In March 2022, Maungatapere broke a national record held for over half a century. But it’s maybe not quite what we want to be famous for!
Thanks to an extreme downpour, Maungatapere now holds the new hourly rainfall record for a low elevation station. National Institute of Water and Atmospheric Research (NIWA) meteorologists confirmed the 103 millimetres of rain recorded between 4am and 5am at Maungatapere, near Whangārei, on Monday 21 March 2022 set a new national hourly rainfall record for a low elevation station.
The previous record was 100.6mm and was recorded 56 years ago in Auckland’s Whenuapai in February 16, 1966.
Between 3.30am and 4.30am the 60-minute total at Maungatapere was even higher: a staggering 123.3mm. However, that didn't count as an hourly rainfall record because those were calculated from top-of-the-hour to top-of-the-hour.
The flash flood triggered by a record-breaking downpour left debris scattered across a farm northwest of Whangārei. Photo / supplied via NZ Herald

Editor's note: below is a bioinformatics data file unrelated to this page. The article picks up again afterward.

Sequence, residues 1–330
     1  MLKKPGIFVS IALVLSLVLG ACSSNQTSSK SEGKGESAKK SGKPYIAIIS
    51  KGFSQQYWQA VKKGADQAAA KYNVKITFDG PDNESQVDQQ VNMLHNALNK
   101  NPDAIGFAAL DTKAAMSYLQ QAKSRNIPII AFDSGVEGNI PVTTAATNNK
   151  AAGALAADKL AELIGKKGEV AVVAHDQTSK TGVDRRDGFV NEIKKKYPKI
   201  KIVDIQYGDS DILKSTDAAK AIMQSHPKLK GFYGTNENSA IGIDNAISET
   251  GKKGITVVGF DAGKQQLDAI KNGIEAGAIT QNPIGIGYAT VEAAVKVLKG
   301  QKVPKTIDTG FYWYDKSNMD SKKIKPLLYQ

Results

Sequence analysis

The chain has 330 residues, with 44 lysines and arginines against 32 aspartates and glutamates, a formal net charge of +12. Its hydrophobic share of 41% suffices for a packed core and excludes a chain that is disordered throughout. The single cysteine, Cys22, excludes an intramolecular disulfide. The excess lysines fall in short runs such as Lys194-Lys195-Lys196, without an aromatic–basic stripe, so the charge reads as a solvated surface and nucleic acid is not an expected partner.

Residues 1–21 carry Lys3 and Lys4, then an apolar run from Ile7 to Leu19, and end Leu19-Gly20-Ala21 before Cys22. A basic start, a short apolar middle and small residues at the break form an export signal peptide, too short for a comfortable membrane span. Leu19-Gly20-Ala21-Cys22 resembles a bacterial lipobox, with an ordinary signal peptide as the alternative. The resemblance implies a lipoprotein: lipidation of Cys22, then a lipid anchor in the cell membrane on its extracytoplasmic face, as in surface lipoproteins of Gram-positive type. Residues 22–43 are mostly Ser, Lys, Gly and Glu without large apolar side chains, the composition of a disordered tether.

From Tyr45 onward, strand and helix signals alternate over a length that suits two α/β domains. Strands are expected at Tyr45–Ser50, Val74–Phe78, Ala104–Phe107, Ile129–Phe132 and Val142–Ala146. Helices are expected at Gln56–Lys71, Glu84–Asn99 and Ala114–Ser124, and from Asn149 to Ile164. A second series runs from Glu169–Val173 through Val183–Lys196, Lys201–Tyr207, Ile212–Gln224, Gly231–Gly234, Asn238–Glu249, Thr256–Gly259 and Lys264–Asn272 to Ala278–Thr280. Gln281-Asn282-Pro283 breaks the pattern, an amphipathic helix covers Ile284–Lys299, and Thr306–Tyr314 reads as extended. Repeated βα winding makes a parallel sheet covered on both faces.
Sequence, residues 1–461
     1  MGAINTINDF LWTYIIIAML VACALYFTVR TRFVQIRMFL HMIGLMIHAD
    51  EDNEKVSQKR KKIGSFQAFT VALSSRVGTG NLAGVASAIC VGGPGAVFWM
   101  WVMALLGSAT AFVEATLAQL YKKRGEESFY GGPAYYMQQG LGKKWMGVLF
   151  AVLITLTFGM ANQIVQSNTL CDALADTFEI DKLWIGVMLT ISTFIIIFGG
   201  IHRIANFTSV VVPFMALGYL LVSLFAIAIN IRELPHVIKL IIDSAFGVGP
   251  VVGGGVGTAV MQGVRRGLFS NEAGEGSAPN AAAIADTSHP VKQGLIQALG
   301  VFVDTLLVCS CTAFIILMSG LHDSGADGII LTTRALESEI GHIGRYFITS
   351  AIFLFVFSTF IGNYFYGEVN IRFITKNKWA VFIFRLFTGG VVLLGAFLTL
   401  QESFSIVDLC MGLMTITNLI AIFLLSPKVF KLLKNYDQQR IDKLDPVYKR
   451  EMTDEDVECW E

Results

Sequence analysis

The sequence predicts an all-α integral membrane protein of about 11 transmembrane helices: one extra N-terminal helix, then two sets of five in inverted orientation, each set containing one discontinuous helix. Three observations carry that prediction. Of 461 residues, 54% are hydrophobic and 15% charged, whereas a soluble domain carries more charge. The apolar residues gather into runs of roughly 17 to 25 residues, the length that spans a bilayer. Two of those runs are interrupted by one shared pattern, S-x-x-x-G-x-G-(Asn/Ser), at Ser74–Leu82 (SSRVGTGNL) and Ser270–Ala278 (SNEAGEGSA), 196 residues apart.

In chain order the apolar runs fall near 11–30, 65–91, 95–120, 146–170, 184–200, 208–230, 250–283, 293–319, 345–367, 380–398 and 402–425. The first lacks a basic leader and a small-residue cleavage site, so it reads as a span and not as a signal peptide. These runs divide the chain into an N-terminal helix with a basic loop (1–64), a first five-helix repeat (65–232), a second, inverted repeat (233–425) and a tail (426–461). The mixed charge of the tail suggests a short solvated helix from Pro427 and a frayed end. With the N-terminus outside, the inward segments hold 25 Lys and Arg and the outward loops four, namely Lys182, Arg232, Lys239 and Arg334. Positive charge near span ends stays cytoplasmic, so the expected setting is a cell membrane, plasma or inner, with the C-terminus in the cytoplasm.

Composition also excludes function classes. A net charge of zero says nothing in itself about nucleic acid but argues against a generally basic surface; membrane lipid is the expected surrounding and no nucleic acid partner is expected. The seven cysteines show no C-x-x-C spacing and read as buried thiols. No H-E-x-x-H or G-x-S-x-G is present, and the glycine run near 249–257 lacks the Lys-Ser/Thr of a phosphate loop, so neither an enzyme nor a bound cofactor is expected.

The extreme downpour triggered flash floods that destroyed fences, triggered slips, carved out gullies and scattered debris across farmland. Farms in Titoki and Maungatapere were worst affected along with Riponui, Pipiwai, Purua and Ruatangata. Seven or eight farms bore the brunt of the deluge with some recording as much as 320mm of rain during the five-hour downpour.
Significant amounts of lightning were observed in the Auckland and lower Northland regions on 21 March before the deluge. Image source: NIWA
NIWA recorded around 3000 lightning strikes across Northland during the weather event.
The same weather system caused significant flooding in Auckland and Tairāwhiti, and sank the fishing charter boat Enchanter off North Cape with the loss of five lives.
The good(ish) news is that the new record was not the highest-ever hourly rainfall but the highest for a low elevation station, which is up to 500 metres above sea level.
The highest-ever record of 134 mm in an hour is still held by the Cropp Waterfall station near Hokitika on January 8, 2004.